Provincial funding for patient care at the Prescott and Russell Residence in Hawkesbury is declining by approximately $43,000 in 2021 and 2022, but it is not creating much concern among United Counties of Prescott and Russell (UCPR) officials.
According to UCPR Chief Administrative Officer Stéphane Parisien, municipally-owned and operated long-term care facilities receive funding on a Case Management Index (CMI), based on the level of care needed by residents. Parisien said the CMI changes for the Prescott and Russell Residence will result in a decline in provincial funding of approximately $13,000 in 2021, and $30,000 in 2022.
For some municipal long-term care facilities the CMI increase – which means those jurisdictions receive additional funding, while others receive less.
“It creates winners and losers,” Parisien said.
However, the reduction is unlikely to have any negative effects on patient care. When taken in perspective of the millions of dollars in the annual UCPR budget and funding for the Residence, the amount is not significant the UCPR’s chief administrative officer explained. Parisien said funding would only become an issue if the CMI decreased further.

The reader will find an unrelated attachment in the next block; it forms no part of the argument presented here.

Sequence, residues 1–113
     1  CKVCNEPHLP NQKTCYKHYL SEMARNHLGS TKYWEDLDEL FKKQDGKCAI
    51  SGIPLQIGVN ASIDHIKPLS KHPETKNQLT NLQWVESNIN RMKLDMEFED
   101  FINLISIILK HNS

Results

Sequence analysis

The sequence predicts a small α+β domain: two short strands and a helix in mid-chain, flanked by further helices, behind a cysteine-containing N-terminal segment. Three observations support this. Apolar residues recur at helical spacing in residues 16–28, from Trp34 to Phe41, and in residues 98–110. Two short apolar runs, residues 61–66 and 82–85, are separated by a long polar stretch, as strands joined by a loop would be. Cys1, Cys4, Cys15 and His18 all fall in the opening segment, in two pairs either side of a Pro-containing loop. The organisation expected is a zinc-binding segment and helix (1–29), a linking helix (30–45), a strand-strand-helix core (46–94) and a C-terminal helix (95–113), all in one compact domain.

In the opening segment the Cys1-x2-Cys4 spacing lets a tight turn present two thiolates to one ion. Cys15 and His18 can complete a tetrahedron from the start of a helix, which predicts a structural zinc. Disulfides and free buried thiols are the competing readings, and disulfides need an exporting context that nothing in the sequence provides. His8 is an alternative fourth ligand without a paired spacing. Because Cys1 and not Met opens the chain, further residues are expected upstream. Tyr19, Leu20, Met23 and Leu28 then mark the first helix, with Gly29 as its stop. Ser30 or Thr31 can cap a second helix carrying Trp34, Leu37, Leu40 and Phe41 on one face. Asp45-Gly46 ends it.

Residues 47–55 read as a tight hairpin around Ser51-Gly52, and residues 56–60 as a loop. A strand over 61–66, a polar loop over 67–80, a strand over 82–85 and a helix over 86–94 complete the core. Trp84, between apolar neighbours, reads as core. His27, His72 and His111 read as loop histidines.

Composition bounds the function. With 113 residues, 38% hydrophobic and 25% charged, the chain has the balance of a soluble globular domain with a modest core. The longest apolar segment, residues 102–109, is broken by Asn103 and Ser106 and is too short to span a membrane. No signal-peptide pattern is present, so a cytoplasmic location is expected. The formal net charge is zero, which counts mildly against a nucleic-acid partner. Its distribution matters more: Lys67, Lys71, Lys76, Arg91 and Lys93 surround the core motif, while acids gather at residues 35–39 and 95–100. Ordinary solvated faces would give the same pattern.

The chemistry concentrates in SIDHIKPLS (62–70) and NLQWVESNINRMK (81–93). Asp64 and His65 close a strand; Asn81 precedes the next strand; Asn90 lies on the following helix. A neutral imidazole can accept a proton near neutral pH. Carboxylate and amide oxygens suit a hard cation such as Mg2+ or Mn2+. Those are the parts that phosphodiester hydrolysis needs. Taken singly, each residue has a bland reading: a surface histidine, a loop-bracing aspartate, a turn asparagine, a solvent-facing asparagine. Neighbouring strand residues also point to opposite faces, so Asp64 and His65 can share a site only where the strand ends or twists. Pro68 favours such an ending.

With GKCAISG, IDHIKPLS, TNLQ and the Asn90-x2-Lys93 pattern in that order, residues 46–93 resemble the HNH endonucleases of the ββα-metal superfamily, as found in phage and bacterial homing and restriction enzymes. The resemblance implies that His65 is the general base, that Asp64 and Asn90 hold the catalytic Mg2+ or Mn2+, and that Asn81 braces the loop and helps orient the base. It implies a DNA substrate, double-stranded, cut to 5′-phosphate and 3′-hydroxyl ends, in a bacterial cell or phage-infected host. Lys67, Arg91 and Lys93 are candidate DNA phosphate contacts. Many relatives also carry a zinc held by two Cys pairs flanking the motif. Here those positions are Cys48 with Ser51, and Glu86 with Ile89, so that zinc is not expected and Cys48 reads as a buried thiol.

The situation is complicated right now because Prescott and Russell Residence is preparing to move to a new facility, which is under construction, Parisien said.
Almost totally vaccinated
According to the United Counties of Prescott and Russell (UCPR) Home Committee, which oversees the Prescott and Russell Residence long-term care facility, 97 per cent of residents were fully vaccinated against COVID-19, as of when the committee last met on June 10. Also, 72 per cent of staff at the residence were fully vaccinated at that time.
The Prescott and Russell Residence continues to keep 12 beds vacant for isolation, should another COVID-19 outbreak occur at the facility. However, admissions have resumed and as of August 30, the Ministry of Long-Term Care will increase its occupancy threshold to 97 per cent. Residence Administrator Alexandre Gorman is confident all 132 beds will be occupied by that date.
New PSW’s and nursing partnership
Six new personal support workers (PSW) have been hired by the residence. They are from the latest class of 15 new PSWs to graduate from a training program offered by the Employment Services Centre. Gorman would also like to establish a partnership between the Residence and Collège La Cité to allow nursing students to complete their co-op terms at the facility and then be hired to work there.